On Sunday, he announced that the NEC would meet urgently on Monday to “finalise the matter.” On Monday night, the NEC held a marathon 13-hour meeting in Pretoria to discuss Zuma’s fate. During the meeting, at midnight, Ramaphosa and Magashule left for the presidential house to deliver the message from the NEC. Zuma then asked that his resignation only take effect in about 3 to 6 months. The two ANC leaders then headed back to communicate this to the NEC. But the majority of the NEC refused and sent Magashule back first thing in the morning to Zuma to hand him a formal letter informing him of the party’s decision. This toing and froing is symptomatic of the paralysis the party has found itself in. It is incapable of decisive leadership. Ramaphosa won the presidency of the ANC in December but the Zuma faction still managed to get about half of the number of seats on the party’s leading bodies. This means that, in the crisis in the party, the weaknesses of the two sides balanced themselves out, leading to further turmoil in the party.
The failure to immediately force Zuma from office is a sign of the deep divisions within the ANC and underlines the failure of Cyril Ramaphosa to impose his authority on the organisation. At the press briefing on Tuesday, Magashule admitted that Zuma had refused to resign. This plunged the party deeper into crisis. It is unheard-of that a member would defy the party’s highest decision-making body in such a open and brazen manner. In the confused media conference Magashule said he had no idea when Zuma will leave office. When pressed, he came up with the idea that Zuma would “respond” to the NEC’s decision on Wednesday. But he also explained that the NEC has not given Zuma a deadline and that it was entirely up to Zuma to announce the date and time of his resignation. “When we recall our deployee we expect him to do what we tell him to do. We are expecting the president to respond tomorrow. There’s no deadline,” he said.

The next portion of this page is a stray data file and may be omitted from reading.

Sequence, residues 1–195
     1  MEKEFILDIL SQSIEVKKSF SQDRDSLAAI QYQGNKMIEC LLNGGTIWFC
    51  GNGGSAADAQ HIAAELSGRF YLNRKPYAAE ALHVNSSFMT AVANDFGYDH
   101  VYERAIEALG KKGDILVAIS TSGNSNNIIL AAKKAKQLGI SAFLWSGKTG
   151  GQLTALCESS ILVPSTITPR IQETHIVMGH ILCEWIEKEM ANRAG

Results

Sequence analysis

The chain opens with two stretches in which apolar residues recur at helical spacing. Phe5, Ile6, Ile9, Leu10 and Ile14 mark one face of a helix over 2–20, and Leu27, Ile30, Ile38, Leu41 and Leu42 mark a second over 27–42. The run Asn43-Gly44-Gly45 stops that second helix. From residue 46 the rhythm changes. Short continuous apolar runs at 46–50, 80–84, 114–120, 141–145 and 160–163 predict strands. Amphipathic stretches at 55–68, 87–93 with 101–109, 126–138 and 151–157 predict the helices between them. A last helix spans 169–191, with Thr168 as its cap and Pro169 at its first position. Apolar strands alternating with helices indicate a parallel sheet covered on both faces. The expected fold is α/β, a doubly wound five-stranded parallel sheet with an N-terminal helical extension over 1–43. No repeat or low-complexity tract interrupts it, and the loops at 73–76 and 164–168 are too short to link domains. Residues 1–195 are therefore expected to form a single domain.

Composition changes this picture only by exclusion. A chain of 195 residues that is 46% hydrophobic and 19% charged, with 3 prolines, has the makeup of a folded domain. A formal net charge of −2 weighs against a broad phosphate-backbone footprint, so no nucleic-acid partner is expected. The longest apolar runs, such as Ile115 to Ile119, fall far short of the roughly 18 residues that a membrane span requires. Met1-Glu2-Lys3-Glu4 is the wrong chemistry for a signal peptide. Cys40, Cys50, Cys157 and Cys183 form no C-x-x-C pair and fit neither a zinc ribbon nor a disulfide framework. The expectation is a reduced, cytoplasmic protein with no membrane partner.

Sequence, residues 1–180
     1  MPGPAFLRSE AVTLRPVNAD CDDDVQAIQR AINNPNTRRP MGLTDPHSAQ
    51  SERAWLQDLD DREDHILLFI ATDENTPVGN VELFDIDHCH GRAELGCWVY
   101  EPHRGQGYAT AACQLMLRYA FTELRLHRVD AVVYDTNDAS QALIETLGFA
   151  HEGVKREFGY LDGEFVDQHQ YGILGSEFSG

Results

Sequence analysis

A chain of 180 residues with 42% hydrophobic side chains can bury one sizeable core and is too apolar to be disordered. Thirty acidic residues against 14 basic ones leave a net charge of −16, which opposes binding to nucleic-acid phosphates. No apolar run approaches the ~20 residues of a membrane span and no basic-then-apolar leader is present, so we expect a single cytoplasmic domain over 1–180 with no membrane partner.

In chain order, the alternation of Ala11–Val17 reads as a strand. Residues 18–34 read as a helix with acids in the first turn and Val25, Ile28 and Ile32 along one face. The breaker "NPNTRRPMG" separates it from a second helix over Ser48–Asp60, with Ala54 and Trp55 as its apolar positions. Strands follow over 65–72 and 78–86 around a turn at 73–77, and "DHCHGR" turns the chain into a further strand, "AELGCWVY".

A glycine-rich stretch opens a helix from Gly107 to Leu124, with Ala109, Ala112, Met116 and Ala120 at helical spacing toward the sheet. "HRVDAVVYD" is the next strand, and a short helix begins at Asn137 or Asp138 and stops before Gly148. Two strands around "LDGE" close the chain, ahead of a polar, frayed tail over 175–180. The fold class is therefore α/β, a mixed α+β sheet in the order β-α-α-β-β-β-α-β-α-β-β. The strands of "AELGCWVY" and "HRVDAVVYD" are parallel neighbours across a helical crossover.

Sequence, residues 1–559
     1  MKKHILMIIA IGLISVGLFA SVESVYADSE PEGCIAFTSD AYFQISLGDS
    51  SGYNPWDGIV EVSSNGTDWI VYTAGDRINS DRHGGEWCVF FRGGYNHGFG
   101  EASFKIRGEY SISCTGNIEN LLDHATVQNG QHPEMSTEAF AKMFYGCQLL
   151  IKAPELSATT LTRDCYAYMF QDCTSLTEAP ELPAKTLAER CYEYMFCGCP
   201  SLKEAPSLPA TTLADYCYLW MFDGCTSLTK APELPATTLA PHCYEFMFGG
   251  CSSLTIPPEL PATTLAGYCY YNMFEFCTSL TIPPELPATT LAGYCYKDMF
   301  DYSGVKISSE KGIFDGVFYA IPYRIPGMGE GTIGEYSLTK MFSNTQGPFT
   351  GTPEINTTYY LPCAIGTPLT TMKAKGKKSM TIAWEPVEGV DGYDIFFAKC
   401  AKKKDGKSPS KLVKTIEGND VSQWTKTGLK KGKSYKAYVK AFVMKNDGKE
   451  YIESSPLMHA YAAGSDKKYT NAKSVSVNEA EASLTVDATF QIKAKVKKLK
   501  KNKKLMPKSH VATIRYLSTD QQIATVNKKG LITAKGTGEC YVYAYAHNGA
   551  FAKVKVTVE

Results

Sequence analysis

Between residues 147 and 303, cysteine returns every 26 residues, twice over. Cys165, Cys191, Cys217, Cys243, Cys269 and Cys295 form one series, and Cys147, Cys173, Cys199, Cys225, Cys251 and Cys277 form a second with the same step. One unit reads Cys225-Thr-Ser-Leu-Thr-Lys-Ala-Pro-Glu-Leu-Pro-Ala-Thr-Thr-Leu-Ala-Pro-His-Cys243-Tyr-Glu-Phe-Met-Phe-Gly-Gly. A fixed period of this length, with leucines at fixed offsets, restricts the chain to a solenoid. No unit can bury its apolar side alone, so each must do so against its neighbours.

Magashule was clearly very uncomfortable. He was part of Zuma’s corrupt inner circle and could himself face prosecution and find himself in jail soon. But,Gwede Mantashe, who is now the party’s chairman didn’t mince his words and had strong words for Zuma. Speaking to ANC members in Butterworth he said: “We trust that President Zuma will understand that we are not fighting him because if he does not resign he will be disrespected by the vultures in parliament. When you resist the call to resign, you leave us no choice but to let you fry in the vote of no-confidence because it means you do not respect the organisation.” The response of the two leading party members is an example of the open divisions in the party.
At this stage, Zuma’s key concern is self-preservation for himself and the cabal around him who could all end up being prosecuted on multiple corruption charges in the next few weeks and months. In a twist, on the same day that the ANC decided to “recall” Zuma, the National Director of Public Prosecutions gave the prosecution team dealing with Zuma’s cases until 23 February to give their recommendations about charging him. Zuma therefore has no incentive to resign and is quite prepared to drag the matter out even at the cost of further deepening the crisis in the party and the country.
The ANC has lost control of Zuma and his stubbornness and intransigence is threatening to lead to an implosion of the party. This is why the Ramaphosa wing is now acting. Strictly speaking, there is no “recall” mechanism in the ANC. All the NEC can do is to request Zuma to resign. Beyond this it cannot do anything within the political and administrative processes of the ANC. Therefore, the only option left for them to remove Zuma forcibly is to bring the matter to the National Assembly, where he can be removed through a vote of no confidence. This is a huge political gamble and could turn out to be be a disaster for the party. It could lead to an immediate split, especially given Zuma’s significant support in the rural provinces.